Tuesday, July 27, 2010
Ray Halbritter is the Latest Case of Stealing Pro Spots
You might not know a ton about Ray Halbritter, the man in the photograph above. He's 60, and is the CEO of Nation Enterprises, which umbrellas the Turning Stone Resort and Casino, the title sponsor of a PGA Tour event in August.
When the Turning Stone Resort Championship kicks off on August 2, you'll know a ton about Halbritter, because he will be in the field. Yep, a 60-year-old rich guy is the latest in a long line of people stealing spots from, you know, actual golfers that do this for a living.
Only in golf, right?
You see, Halbritter passed something called the PGA's player aptitude test, which sounds really special, but is just 36 holes, and takes two rounds of 77 or better. Anyone that has ever considered themselves a decent golfer can pass this thing. That is his resume. Player aptitude graduate.
As a guy that tried to do this for a living a while back, hearing stories like this are a hefty kick to the groin. Golf is the only sport in the entire world where someone would have the chutzpah to try this, and actually could get away with it. Could you imagine Steve Jobs doling out $40,000 to play a quarter with the Knicks, or Donald Trump asking Jerry Jones to let him quarterback for a half at Texas Stadium? Of course they wouldn't, because they aren't good enough, but this Halbritter guy has shot a couple of rounds of 71 with his buddies in their Saturday money game, and thinks he has the game to play with the big boys.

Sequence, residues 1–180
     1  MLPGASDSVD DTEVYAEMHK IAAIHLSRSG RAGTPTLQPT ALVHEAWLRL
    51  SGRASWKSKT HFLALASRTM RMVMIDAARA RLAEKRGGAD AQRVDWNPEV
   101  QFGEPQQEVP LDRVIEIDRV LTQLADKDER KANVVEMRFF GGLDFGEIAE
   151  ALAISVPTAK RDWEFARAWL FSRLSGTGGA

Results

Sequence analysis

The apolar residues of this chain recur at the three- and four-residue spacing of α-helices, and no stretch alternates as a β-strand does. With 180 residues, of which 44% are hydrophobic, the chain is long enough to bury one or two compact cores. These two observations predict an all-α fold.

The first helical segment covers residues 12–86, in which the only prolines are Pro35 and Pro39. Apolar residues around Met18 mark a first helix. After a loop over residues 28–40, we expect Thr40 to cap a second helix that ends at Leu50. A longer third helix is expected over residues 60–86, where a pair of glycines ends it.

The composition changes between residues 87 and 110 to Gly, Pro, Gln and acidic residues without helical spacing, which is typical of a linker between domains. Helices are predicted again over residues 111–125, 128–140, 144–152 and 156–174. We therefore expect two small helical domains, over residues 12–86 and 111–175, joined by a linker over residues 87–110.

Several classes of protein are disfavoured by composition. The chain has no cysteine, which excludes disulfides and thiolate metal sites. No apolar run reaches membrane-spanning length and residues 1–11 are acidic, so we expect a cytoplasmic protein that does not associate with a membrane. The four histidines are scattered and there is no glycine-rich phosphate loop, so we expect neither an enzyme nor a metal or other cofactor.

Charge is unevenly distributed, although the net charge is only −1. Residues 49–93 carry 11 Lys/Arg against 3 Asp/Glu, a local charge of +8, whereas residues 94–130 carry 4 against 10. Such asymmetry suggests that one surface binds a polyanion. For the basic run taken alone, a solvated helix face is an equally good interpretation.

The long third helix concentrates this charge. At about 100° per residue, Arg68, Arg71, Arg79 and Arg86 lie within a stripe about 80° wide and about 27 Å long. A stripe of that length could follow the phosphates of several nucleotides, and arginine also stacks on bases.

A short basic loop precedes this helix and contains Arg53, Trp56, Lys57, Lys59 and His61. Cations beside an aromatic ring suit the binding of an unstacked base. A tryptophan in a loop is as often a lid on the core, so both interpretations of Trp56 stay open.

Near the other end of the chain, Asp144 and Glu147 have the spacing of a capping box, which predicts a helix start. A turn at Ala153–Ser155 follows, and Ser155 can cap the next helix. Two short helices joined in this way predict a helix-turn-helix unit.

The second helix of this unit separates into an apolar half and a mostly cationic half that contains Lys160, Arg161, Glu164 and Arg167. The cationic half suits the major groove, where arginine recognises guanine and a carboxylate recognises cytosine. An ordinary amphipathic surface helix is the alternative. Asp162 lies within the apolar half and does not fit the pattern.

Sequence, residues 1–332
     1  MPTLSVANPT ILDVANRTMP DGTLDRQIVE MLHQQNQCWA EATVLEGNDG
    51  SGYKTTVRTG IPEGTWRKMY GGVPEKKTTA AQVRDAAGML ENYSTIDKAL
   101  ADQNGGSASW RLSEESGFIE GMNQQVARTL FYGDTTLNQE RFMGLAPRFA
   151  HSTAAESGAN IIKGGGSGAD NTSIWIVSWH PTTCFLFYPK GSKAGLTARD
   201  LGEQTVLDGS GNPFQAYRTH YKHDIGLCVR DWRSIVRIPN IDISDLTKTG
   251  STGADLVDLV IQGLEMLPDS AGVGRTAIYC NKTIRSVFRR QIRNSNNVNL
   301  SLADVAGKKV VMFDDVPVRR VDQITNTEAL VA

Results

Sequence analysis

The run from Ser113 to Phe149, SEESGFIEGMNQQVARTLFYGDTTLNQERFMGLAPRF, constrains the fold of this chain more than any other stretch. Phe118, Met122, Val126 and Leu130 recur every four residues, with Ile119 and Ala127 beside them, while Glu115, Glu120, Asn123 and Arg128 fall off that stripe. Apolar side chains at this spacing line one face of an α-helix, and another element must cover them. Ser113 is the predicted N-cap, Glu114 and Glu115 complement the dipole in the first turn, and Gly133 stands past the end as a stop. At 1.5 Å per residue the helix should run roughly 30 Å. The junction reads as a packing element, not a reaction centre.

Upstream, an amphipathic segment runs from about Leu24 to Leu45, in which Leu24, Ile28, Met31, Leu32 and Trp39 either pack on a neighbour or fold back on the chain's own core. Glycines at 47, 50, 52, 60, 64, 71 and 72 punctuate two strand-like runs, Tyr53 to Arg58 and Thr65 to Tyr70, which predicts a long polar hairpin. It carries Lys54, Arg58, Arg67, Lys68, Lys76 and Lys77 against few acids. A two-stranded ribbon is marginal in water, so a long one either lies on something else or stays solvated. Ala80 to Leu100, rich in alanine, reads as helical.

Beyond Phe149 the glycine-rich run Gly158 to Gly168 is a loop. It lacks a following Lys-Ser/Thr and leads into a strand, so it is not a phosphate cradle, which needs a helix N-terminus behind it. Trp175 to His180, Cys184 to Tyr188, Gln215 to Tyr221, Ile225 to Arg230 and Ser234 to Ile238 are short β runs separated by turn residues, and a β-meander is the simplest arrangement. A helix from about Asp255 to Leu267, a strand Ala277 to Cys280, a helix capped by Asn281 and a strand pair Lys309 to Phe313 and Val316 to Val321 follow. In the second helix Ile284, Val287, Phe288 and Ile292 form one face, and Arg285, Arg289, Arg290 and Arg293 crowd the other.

He doesn't. At all. Zero. He has as much business out on the golf course with professionals as O.J. Simpson does moonlighting as a marriage counselor.
While it might not seem like a huge deal to most, you have to understand that these exemptions are reserved for people that might have a shot at doing well in this tournament. Since we all know the name, take a guy like John Daly for example. This is a man that needs to play well in events for his livelihood. He depends on money from events to pay whatever bills he has to pay. This week is one where he won't get in, because some CEO that thinks he deserves to be out there is in the field.
Just once I'd love to see some big-headed CEO show up at work, and head up to his office, only to see the door closed, and Dustin Johnson chatting on his phone with his spikes roughing up the man's desk. I'd love to see the face of this Halbritter guy when he finds out Johnson made some multi-million dollar deal with his companies money because he felt like being a CEO for a day.
I'm sure at that point, maybe these guys could keep their golfing dreams to themselves.
Oh, and if you're wondering how he will do, just listen to the man himself -- "I shoot about 78 to 80 (at Atunyote),” said Halbritter, who confesses he will be among the shortest hitters in the field with a 265-yard driving average. “Sometimes when the pressure’s on you can shoot better, sometimes not so good, so you just never know.”
This is going to be a disaster.